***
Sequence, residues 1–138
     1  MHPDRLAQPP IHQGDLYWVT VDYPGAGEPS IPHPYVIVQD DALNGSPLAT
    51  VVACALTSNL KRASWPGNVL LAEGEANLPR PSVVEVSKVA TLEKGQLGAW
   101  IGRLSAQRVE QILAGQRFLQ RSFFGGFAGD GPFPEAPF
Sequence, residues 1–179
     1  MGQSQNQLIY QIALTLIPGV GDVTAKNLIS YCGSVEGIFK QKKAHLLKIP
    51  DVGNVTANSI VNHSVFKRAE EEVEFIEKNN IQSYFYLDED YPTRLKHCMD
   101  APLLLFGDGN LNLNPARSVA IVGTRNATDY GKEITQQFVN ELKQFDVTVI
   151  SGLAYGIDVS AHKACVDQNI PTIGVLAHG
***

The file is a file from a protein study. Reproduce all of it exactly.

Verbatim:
Sequence, residues 1–138
     1  MHPDRLAQPP IHQGDLYWVT VDYPGAGEPS IPHPYVIVQD DALNGSPLAT
    51  VVACALTSNL KRASWPGNVL LAEGEANLPR PSVVEVSKVA TLEKGQLGAW
   101  IGRLSAQRVE QILAGQRFLQ RSFFGGFAGD GPFPEAPF
Sequence, residues 1–179
     1  MGQSQNQLIY QIALTLIPGV GDVTAKNLIS YCGSVEGIFK QKKAHLLKIP
    51  DVGNVTANSI VNHSVFKRAE EEVEFIEKNN IQSYFYLDED YPTRLKHCMD
   101  APLLLFGDGN LNLNPARSVA IVGTRNATDY GKEITQQFVN ELKQFDVTVI
   151  SGLAYGIDVS AHKACVDQNI PTIGVLAHG